Drying Food - Tips

Although drying does not have firmly established procedures and there are different drying methods, the guidelines remain the same.

If you have never tried drying food before, it's a good idea to experiment first by drying a small quantity of food. Use a trial-and-error approach to find what suits you best.

hen you dry foods, remember the following:
  • It is very important to know that drying process must not be interrupted. Once you start drying the food, don't let it cool down in order to start drying again later because mold and other spoilage organisms can grow very quickly on partly dried food.
  • Trays, screens or racks need to be safe for contact with food. Do not use screens made from copper because copper destroys vitamin C and increases oxidation. Avoid screens made from aluminum because they tends to corrode and discolor.
  • Fruits and vegetables must be prepared for drying as soon as possible after harvesting.
  • Cleanliness and safety are very important throughout the drying process.
  • It is very important to cut food into uniformly-sized pieces for the best result.
  • If you are drying juicy fruits such as apricots, cut them in half, remove the pits and set the pieces on the racks with the cut side up. This way the flavorful juices will not drain out and be lost.
  • If the climate in your country is humid use an oven or food dehydrator.
  • Keep in mind that heat is not the same in all parts of the oven or dryer and stirring the pieces of food frequently and shifting the racks in the oven or dryer are essential for uniform drying.
  • To speed the drying process you can increase only the air flow (not temperature).
  • Remember that lighter load dries faster than a full load.
  • For the first part of the drying process, the air temperature can be relatively high (because food is cold), that is about 150° to 160° F (65° to 70° C), so that moisture can evaporate quickly from the food. Watch the process very carefully, and as soon as surface moisture is lost (the outside begins to feel dry), the air temperature must then be reduced to about 140° F (60 °C).
  • Use a thermometer to check the oven temperature to make sure it stays at 140° F. Check the temperature about every half hour, because it is very important to keep the oven temperature at 140 degrees F.
  • If you use higher temperatures to long the food will cook instead of drying. If the food cooks on the outside and the moisture cannot escape the food may harden on the surface and the food will eventually mold.
  • If the temperature is too low at the beginning, the food may undergo undesirable micro biological changes before it dries adequately.
  • Some food needs to be turned over occasionally for successful drying.
  • Stirring occasionally prevent foods from sticking to the trays and also helps the food to dry evenly.
  • It is very important to watch whole drying process carefully, because toward the end of the drying process the food can scorch easily (each fruit and vegetable has a critical temperature above which a scorched taste develops).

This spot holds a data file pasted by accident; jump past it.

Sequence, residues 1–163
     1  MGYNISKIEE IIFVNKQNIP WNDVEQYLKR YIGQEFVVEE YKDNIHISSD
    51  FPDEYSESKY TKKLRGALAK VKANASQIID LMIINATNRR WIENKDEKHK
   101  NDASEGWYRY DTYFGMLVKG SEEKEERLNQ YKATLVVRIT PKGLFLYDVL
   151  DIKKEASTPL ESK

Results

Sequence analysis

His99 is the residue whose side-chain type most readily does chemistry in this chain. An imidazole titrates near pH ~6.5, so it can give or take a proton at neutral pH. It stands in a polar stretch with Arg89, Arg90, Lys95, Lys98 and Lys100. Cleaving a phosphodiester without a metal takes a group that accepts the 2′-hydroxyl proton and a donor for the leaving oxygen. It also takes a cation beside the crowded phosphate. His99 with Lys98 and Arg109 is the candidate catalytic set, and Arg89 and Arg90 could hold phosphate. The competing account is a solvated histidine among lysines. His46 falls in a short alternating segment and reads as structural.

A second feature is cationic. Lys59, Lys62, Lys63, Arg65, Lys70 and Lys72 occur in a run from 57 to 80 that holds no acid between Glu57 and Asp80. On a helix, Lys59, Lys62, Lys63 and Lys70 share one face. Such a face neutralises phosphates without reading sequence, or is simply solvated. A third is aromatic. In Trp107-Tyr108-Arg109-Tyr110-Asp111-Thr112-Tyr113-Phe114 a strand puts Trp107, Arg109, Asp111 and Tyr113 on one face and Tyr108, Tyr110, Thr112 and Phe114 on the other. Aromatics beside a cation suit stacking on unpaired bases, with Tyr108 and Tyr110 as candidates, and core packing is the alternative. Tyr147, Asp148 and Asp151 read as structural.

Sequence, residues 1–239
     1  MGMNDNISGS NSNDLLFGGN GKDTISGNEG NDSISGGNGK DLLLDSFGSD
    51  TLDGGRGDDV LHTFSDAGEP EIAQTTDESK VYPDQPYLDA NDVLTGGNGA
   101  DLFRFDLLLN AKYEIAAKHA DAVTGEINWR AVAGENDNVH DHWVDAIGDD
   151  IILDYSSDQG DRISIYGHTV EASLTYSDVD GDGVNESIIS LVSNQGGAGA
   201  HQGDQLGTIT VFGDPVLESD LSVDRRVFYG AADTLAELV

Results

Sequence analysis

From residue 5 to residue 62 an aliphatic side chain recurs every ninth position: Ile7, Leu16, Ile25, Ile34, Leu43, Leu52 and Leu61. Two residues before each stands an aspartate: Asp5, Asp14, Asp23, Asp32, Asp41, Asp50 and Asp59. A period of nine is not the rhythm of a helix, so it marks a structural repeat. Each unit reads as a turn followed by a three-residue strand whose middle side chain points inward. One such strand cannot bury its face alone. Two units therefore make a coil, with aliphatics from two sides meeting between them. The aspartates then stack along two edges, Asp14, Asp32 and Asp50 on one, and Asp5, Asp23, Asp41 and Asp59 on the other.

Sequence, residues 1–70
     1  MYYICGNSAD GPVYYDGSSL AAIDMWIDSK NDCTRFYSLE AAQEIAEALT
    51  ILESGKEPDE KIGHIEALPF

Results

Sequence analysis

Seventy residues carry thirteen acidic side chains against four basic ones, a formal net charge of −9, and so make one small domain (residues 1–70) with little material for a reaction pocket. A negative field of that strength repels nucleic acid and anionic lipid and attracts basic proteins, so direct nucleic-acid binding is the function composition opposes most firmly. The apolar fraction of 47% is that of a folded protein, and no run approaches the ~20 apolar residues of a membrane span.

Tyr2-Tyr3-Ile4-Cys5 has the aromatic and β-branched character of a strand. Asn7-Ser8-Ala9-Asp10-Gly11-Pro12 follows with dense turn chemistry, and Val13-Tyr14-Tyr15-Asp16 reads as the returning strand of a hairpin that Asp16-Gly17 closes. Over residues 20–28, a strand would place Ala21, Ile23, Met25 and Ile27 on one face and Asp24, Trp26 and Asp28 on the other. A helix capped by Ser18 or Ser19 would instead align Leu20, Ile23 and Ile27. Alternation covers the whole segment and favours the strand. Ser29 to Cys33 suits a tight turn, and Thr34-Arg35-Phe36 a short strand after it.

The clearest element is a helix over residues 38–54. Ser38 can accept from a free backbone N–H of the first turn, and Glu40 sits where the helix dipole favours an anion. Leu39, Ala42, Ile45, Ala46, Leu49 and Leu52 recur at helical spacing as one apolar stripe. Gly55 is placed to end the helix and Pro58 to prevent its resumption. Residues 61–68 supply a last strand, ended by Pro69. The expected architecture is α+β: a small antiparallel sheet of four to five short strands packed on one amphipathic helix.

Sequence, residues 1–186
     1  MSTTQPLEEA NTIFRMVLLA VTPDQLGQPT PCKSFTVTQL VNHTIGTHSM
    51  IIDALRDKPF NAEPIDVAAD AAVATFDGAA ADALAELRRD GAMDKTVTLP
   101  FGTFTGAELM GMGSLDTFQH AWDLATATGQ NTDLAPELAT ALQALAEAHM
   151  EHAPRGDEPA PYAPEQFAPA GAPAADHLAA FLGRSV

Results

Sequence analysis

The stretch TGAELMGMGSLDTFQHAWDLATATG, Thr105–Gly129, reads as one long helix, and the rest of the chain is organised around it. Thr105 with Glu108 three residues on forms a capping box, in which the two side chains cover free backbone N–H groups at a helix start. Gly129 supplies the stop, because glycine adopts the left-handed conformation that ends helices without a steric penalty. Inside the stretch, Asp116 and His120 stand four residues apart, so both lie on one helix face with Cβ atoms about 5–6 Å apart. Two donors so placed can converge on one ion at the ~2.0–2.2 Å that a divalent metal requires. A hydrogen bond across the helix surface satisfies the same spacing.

• Do not keep adding fresh produce to the dehydrator as the food is drying. This common practice increases the time required to reach an acceptable degree of dryness and will produce a poor quality product.
  • Never use the broiler unit of an electric oven because the food on the top tray will dry too quickly. The best solution for oven drying is a proper model of convection oven that has a timer and controllable temperature starting at 120 degrees F.
  • If you have only two oven racks and want to stack more trays in the oven you can use blocks of wood and put them in the corners of the racks to hold the trays at least 2 inches apart. Dry no more than four trays of food at a time.

Real Cooking

Did You Know?
One of the oldest methods of food preservation is by drying, which reduces water activity sufficiently to prevent or delay bacterial growth.

Bacteria and micro-organisms within the food and from the air need the water in the food to grow. Drying effectively prevents them from surviving in the food. It also creates a hard outer-layer, helping to stop micro-organisms from entering the food.

The drying process is simply not as precise as canning and freezing because it involves so many different factors.

Drying also reduces weight, making food more portable.

Most types of meat can be dried; a good example is beef jerky.

Many fruits can also be dried; for example, the process is often applied to apples, pears, bananas, mangoes, papaya, apricot, and coconut. Zante currants, sultanas and raisins are all forms of dried grapes.

Drying is also the normal means of preservation for cereal grains such as wheat, maize, oats, barley, rice, millet and rye.

Drying is rarely used for vegetables for use in the household, however dehydrated vegetables are often found in commercially packaged meals as well as meals made for backpackers, hunters, military, etc. The exception to this rule are bulbs, such as garlic and onion, which are often dried. Also chilis are frequently dried. Edible and psilocybin mushrooms, as well as other fungi, are also sometimes dried for preservation purposes, to affect the potency of chemical components, or so they can be used as seasonings.